Exclusive: DfE scrapping need for costly post-16 dyslexia assessments

Campaigners say the move will prevent families of students with dyslexia paying 'over and over'

Caroline Henshaw

What's it like being a teacher with dyslexia?

Students who were assessed with dyslexia while at school will no longer need a costly second assessment after the age of 16 to receive support at university or at work.

Currently, young people need post-16 reports to access support at university and many workplaces, even if they have already been diagnosed with the condition.

These normally cost between £600 and £800 but campaigners say in some cases they can run into thousands of pounds.

But from February the DfE will scrap the need for multiple assessments, in a move that has been welcomed by campaigners.

A DfE spokesperson told Tes: “From February 2019, students will be able to provide a diagnostic assessment report as evidence of their disability in respect of an assessment undertaken at any age.

“We are not scrapping the post-16 dyslexia assessments. It will remain the case that young adults past the age of 16 can still access a dyslexia test should they need one.”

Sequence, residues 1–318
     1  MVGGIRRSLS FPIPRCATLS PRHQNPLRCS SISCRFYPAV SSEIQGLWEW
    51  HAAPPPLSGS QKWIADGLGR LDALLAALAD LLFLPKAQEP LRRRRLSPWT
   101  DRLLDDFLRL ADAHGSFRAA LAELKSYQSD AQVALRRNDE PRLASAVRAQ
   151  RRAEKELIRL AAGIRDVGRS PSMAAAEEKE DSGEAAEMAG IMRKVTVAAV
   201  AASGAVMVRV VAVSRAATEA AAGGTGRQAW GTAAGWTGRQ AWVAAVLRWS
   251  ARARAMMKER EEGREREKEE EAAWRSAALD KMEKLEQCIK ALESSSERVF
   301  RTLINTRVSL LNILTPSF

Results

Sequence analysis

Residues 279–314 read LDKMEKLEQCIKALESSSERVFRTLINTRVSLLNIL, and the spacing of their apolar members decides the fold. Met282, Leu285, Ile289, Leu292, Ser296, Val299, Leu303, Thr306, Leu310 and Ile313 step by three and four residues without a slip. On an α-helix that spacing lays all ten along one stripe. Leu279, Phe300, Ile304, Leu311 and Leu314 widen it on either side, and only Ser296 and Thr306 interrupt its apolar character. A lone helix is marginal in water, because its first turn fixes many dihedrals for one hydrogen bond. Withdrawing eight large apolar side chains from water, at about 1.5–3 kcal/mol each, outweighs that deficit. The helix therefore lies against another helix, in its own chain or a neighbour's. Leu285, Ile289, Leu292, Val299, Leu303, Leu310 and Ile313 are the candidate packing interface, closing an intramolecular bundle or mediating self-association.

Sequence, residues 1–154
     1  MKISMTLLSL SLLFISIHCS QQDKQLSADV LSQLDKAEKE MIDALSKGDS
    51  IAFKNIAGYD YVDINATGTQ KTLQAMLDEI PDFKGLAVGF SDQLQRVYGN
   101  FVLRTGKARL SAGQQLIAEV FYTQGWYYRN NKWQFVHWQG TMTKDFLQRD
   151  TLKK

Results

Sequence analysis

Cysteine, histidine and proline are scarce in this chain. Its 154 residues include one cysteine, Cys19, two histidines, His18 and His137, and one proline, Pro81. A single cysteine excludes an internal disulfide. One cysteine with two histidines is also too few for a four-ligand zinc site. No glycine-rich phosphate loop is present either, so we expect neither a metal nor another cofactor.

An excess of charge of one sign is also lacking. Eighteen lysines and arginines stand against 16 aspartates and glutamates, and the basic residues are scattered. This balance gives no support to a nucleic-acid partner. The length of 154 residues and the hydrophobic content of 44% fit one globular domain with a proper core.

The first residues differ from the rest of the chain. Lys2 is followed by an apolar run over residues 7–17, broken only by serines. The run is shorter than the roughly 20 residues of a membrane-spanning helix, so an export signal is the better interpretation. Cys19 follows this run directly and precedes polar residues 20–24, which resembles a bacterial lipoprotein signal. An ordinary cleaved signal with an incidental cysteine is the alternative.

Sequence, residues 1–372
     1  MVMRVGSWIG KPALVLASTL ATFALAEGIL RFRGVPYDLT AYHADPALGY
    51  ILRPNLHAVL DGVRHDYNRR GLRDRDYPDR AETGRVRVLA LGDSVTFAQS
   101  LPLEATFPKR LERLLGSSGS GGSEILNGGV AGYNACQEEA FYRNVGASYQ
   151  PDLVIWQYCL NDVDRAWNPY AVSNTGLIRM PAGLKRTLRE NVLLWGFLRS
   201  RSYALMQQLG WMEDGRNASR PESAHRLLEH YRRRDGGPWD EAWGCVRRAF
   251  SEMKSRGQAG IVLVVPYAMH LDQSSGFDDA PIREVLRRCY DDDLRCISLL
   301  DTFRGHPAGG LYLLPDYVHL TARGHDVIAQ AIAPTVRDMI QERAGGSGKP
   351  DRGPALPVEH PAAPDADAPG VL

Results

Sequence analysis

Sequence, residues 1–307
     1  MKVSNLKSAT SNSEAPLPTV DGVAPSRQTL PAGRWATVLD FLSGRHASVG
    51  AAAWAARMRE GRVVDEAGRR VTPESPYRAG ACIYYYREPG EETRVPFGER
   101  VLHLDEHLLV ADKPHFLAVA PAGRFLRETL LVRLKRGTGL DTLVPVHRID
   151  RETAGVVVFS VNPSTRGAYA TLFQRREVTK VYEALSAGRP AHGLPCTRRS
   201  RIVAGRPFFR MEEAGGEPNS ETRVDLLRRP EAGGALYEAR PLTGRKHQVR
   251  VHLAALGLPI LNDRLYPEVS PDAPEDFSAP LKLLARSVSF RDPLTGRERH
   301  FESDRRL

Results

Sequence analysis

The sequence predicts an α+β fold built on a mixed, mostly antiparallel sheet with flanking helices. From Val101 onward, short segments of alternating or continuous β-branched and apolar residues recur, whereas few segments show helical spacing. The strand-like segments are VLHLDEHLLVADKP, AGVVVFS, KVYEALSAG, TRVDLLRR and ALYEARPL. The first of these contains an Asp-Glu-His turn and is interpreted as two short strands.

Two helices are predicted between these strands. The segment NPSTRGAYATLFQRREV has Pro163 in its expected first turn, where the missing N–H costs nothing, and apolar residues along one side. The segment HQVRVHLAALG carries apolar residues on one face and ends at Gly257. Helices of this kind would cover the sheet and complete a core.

About 10 per cent of the population, or an average of three children in every classroom in the UK, are thought to have dyslexia.

Sue Flohr, policy manager at the British Dyslexia Association (BDA), said the change will make a huge difference to those students and their families.

“This is very good [news] for us because currently we have calls to our helpline from parents and students alike saying I can’t afford another assessment,” she said.

Dyslexia “is the only disability where you have to keen proving you’re disabled… If you have dyslexia you have it, it doesn’t go away.

“There were people who were having to pay over and over and this was just discrimination.”

The BDA has been lobbying for the change after discovering the vast majority of dyslexic students have been assessed multiple times.

A survey on social media found 80 per cent had undergone at least two assessments and more than a third had been assessed three or more times.

This is despite the fact that half had been diagnosed as dyslexic before they went to university.

“We wanted to stop this constant need for diagnosis,” said Ms Flohr. “We’re hoping universities will honour any early evidence as dyslexia doesn’t go away.”

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Caroline Henshaw

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